Statistics and Indicators

Gender equity - adults


    Low gender equity score, 18 years and over, ACT General Health Survey, 2019


    A low gender equity in relationships score is calculated by summing the responses for the two statements "Men should take control in relationships and be the head of the household" and "Women prefer a man to be in charge of the relationship". The scale for both questions is one to five, where one is strongly agree and five is strongly disagree. A low gender equity score is defined as being <70. 

    19.7% of respondents to the 2019 ACT General Health Survey had a low gender equity in relationships score. Males were significantly more likely to report a low gender equity score than females (25.7% vs 14.2%). 

    For the purpose of reporting the ACT General Health Survey data on HealthStats, if the 95% confidence intervals of the estimates do not overlap, they are considered to be significantly different. 

    Note: The indicator shows self-reported data collected through Computer Assisted Telephone Interviewing (CATI). Estimates were weighted to adjust for differences in the probability of selection among respondents and were benchmarked to the estimated residential population using the latest available Australian Bureau of Statistics population estimates.

    Respondents to the 2019 ACT General Health Survey were aged 18 years and over. Persons includes male, female, other sex and refused sex respondents and may not always add to the sum of male and female.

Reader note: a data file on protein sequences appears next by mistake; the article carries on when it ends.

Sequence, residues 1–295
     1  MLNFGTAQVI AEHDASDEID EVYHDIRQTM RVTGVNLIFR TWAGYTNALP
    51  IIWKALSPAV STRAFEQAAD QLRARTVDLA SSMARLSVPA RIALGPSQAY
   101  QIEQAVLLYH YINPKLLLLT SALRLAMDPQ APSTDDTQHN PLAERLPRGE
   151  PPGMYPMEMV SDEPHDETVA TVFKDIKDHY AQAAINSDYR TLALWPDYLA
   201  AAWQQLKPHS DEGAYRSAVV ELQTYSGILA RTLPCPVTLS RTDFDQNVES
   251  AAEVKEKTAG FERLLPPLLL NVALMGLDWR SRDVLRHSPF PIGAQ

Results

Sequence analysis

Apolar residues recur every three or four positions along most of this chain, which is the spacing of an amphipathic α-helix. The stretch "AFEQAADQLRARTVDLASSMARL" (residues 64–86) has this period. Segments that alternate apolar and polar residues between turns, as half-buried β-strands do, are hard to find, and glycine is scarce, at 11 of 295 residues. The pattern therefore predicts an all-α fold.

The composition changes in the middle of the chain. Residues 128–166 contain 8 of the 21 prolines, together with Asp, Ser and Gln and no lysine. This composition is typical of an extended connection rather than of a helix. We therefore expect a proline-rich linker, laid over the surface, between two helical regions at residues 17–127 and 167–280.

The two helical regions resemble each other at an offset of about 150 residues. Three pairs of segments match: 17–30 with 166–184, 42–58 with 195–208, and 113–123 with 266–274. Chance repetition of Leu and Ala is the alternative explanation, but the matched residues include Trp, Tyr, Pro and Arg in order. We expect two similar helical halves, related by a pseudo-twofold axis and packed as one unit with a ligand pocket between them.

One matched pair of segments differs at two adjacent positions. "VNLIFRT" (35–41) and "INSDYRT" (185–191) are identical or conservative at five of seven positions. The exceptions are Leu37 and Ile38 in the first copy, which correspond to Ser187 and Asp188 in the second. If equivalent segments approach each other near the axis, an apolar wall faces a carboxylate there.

The score is multiplied by 10, giving it a range of 10-100. 

    If a respondent did not answer one of the statements, they were excluded from analysis.

    Statistically significant differences are difficult to detect for smaller jurisdictions such as the Australian Capital Territory. Sometimes, even large apparent differences may not be statistically significant. This is particularly the case in breakdowns of small populations because the small sample size means that there is not enough power to identify even large differences as statistically significant.

    To access the data please click on the "View source data" link at the bottom of the visualisation. This link will open up a data table that you can download.